On Wednesday, October 3, David Heilbroner '84 returned to campus for a special screening and discussion of his Oscar-nominated short film, Traffic Stop. This event was sponsored by the School of Law's Center for Public Interest Advocacy and Collaboration (CPIAC) and the Black Law Students Association (BLSA).

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Traffic Stop tells the story of Breaion King, a 26-year-old African-American school teacher from Austin, Texas, who is stopped for a routine traffic violation that escalates into a dramatic arrest. Nominated for an Academy Award for Documentary Short Subject, Traffic Stop illuminates timely, resonant issues of race and law enforcement while offering an intimate portrait of one woman in the wake of her traumatic arrest.

About the film

In 2015, African-American schoolteacher Breaion King was stopped for a minor traffic violation in Austin, Texas — and what should have been a routine encounter quickly escalated into a harrowing arrest that was captured in detail by police dash cams.

From the Emmy- and Peabody Award-winning team of director Kate Davis and producer David Heilbroner '84 (HBO’s The Newburgh Sting, Southern Comfort and Jockey) and nominated for an Academy Award for Documentary Short Subject, Traffic Stop illuminates timely, resonant issues of race and law enforcement while offering an intimate portrait of one woman in the wake of her traumatic arrest.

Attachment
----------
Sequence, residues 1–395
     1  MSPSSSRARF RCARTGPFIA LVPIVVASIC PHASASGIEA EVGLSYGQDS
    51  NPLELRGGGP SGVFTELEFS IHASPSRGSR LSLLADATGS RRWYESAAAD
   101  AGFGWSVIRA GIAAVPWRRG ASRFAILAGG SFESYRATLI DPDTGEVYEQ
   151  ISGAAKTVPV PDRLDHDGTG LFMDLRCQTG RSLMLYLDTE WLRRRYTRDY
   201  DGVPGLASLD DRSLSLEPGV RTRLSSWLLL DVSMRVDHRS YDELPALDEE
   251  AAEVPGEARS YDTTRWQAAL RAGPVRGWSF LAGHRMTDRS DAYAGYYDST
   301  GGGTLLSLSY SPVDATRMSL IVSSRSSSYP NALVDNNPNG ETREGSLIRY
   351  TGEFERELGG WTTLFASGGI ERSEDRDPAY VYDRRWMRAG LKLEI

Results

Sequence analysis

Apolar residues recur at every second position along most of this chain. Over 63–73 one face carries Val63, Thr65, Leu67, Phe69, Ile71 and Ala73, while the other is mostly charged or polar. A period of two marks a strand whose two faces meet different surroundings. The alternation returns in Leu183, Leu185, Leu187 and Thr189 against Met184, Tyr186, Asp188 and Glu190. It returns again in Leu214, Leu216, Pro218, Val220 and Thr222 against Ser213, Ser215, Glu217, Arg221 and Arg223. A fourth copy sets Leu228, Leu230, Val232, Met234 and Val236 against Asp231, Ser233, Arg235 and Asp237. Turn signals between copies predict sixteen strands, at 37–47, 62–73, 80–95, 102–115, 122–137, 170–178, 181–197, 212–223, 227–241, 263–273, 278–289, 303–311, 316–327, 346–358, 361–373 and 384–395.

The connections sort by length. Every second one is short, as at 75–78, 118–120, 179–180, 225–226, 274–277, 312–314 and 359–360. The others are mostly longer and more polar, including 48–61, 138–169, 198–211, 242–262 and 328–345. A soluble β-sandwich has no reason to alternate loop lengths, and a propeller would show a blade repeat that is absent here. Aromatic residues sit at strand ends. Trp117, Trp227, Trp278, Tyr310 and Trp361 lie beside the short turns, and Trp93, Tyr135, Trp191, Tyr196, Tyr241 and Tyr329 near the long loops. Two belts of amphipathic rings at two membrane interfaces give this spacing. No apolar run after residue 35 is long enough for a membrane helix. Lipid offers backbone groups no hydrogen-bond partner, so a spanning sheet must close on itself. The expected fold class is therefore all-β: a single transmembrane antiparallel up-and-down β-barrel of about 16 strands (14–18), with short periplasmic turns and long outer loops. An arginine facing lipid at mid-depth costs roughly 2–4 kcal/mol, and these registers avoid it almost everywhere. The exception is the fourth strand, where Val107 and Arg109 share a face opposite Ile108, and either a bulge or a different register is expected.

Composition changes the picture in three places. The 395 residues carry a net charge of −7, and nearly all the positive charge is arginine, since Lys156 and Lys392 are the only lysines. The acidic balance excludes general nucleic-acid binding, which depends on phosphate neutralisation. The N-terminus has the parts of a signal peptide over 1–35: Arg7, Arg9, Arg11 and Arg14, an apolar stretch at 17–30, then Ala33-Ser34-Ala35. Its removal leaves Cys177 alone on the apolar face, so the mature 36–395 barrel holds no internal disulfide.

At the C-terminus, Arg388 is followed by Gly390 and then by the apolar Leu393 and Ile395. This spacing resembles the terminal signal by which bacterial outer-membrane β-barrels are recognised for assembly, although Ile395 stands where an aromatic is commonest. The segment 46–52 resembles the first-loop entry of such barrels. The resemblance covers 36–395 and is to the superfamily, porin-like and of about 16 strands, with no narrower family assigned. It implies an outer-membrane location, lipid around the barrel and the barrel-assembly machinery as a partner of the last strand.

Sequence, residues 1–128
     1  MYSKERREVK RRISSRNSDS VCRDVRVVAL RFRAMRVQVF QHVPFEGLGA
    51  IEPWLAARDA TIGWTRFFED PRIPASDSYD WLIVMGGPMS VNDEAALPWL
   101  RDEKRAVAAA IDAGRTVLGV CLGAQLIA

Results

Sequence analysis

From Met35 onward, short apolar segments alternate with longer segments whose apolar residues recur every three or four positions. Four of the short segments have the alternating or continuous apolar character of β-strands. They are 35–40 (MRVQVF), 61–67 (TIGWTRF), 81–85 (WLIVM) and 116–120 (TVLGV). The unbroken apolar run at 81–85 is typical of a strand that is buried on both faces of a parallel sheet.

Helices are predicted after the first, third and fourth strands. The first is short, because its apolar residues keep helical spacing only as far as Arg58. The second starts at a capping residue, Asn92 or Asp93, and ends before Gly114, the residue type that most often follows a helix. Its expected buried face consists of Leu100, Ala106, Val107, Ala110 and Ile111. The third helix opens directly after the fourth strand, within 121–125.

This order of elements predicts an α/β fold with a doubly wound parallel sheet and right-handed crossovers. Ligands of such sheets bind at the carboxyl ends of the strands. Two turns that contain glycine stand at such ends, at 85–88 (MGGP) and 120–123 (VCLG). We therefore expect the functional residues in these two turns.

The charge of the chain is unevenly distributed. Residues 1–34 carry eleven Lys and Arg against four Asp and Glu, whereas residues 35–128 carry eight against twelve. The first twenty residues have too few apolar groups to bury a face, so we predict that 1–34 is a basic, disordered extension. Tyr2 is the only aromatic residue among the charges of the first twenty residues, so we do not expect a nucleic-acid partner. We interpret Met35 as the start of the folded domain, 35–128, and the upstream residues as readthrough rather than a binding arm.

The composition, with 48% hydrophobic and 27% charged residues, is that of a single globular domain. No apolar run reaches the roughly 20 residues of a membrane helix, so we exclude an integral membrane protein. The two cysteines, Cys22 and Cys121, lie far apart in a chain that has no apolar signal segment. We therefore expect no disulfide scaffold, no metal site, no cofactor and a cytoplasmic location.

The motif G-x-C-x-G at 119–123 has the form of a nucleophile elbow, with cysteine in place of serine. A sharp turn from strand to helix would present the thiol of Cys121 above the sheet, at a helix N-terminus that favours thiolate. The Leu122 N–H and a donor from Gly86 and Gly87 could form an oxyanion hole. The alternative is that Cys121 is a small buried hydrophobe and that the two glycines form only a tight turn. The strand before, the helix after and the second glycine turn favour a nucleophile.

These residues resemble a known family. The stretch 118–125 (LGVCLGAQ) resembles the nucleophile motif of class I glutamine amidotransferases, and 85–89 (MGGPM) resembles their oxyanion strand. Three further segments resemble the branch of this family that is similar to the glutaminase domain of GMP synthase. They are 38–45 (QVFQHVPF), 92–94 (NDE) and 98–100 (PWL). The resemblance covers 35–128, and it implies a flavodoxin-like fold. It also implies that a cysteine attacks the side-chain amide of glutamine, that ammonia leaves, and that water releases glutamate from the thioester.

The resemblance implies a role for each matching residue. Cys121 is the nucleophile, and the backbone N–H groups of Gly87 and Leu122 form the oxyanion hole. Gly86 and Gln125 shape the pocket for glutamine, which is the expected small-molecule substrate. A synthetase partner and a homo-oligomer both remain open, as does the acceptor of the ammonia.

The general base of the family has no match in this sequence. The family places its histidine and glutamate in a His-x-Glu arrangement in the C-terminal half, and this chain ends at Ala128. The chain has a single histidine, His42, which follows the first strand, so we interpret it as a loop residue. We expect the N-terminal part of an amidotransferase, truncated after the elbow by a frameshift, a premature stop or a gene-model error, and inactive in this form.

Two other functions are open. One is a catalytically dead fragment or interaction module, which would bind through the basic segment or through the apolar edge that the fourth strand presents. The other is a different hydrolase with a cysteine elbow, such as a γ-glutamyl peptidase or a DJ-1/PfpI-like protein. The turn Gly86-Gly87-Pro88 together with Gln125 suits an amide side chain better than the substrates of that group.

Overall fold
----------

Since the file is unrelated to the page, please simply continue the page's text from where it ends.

On June 15, 2015, a car driven by vibrant, 26-year-old African-American schoolteacher Breaion King was pursued by a police officer in Austin, Texas. As seen on the patrol car’s dash cam, Officer Bryan Richter closed in on King’s car over the course of several blocks, and eventually caught up with her in the parking lot of a fast-food restaurant, where she exited her car.

Ordered to return to her vehicle, the 108-pound King soon found herself in a brutal struggle with Officer Richter, who was eventually joined at the scene by two other police officers, as dash cams and interior cameras recorded the events that followed. En route to the county jail, handcuffed in the back seat of a backup police officer’s squad car, King engaged the officer in a surprisingly candid conversation about race.

Traffic Stop juxtaposes raw footage of King’s arrest and conversation with scenes from her everyday routine, offering a vivid portrait of a woman whose life is forever changed one afternoon by a sudden encounter with law enforcement.

In addition to its Oscar nomination, Traffic Stop won the Grand Jury Prize in the Shorts Competition at DOC NYC 2017.

Presented by the Center for Public Interest Advocacy and Collaboration (CPIAC)
and the Black Law Students Association (BLSA) at Northeastern University School of Law.